I’m very familiar corn, the edible kind that’s smothered in butter and salt. This kind, not so much. The husks were remarkably pliable, due to the humidity from being outside in a field. Playing with this ear of corn surprisingly became an exercise in fabric draping. I affectionately call this “Green Giant meets Issey Miyake”.
I purchased an oversized scarf while visiting India in November, 2017. It was cashmere and an unlikely addition to my wardrobe. I tried to wear it after returning to NY, but I could never find a comfortable way to wrap it around my neck. It was suffocating. I also think it was intended for a woman. This photograph reminds me of my struggles with that scarf.
When I peeled back the husks, the last one was quite sheer. I thought there was something a bit naughty about this, as if I was about to expose too much. Revealing just a few of the kernels seemed more tasteful and modest. Even if it is just an ear of corn.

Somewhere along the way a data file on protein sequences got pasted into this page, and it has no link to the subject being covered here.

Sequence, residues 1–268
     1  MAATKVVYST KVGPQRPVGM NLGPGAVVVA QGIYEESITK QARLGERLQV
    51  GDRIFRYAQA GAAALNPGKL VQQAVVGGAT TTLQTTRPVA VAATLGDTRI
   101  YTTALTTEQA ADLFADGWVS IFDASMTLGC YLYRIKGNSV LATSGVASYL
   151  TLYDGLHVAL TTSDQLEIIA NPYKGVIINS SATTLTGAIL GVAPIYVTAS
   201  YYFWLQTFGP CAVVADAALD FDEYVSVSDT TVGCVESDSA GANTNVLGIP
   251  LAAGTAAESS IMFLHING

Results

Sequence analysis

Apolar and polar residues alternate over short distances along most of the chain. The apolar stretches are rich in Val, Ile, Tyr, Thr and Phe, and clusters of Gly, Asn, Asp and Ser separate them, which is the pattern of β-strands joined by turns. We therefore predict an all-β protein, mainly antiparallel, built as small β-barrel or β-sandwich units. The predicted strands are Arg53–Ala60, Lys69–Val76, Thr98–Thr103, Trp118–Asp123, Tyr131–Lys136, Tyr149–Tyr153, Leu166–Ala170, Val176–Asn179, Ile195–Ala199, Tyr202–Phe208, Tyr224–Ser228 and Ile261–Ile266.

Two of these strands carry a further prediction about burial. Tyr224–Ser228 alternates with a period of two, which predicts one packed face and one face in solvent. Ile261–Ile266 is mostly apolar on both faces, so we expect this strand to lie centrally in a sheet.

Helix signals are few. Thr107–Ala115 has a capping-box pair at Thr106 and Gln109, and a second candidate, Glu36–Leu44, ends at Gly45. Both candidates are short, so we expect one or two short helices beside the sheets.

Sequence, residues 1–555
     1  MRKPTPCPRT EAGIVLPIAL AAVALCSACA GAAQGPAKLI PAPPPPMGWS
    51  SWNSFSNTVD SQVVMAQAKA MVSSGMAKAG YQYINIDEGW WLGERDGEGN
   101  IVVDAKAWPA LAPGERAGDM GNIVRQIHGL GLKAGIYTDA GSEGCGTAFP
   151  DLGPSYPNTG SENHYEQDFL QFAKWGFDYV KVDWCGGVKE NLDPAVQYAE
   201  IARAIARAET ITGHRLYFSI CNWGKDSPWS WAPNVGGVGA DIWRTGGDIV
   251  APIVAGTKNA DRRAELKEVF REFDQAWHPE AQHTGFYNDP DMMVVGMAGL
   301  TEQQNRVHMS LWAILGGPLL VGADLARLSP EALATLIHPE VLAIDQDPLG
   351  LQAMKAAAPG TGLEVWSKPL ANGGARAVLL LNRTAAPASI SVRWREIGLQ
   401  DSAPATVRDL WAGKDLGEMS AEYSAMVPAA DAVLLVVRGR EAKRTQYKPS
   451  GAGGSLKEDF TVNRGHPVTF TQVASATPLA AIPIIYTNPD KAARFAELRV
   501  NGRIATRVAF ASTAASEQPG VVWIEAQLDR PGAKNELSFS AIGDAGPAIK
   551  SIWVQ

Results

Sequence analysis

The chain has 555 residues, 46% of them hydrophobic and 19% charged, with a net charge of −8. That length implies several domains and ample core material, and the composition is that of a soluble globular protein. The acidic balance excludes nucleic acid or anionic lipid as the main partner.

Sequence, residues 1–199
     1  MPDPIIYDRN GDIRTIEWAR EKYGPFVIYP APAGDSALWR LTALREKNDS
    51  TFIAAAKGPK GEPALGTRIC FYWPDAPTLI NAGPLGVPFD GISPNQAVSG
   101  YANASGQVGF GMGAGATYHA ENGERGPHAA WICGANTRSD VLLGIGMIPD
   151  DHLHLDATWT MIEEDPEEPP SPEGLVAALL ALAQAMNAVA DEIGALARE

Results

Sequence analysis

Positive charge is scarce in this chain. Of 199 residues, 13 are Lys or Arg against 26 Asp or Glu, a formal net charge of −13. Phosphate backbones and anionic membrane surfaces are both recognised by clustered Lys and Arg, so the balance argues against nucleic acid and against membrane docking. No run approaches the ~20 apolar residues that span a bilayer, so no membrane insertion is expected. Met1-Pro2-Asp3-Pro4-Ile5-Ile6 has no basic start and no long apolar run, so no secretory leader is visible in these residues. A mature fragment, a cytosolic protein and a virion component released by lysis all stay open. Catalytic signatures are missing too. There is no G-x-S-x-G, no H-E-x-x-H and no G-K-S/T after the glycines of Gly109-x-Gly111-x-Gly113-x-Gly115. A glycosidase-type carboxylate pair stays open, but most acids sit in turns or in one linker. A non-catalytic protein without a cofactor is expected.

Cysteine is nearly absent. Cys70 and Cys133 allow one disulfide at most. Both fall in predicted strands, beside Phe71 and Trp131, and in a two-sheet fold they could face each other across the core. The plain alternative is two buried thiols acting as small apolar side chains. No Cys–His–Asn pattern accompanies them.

Every picture tells a story: two ears of corn go skydiving. As they’e plumet through the sky, one parachute opens, the other chute fails. One ear of corn clings to the other for dear life. They float safely to earth, although one ear of corn never goes skydiving again.
Is it possible for two ears of corn to tug at your heartstrings? I see one of two things. Love and comfort, of one for the other. This gives me warmth. Or fear, as one holds onto the other for protection. This make me feel pity. After this photograph was taken, they ended up in the backyard where the squirrels and birds feasted for the afternoon. Pity, I guess.
My older sister taught me to sew at an early age. My younger sister’s Barbie was my muse. So, for many years I’ve had a fascination and appreciation for fabric. As I peeled back these layers of husks, I was surprised (look for it) to find an animal print, thanks to this fashion-forward ear of corn.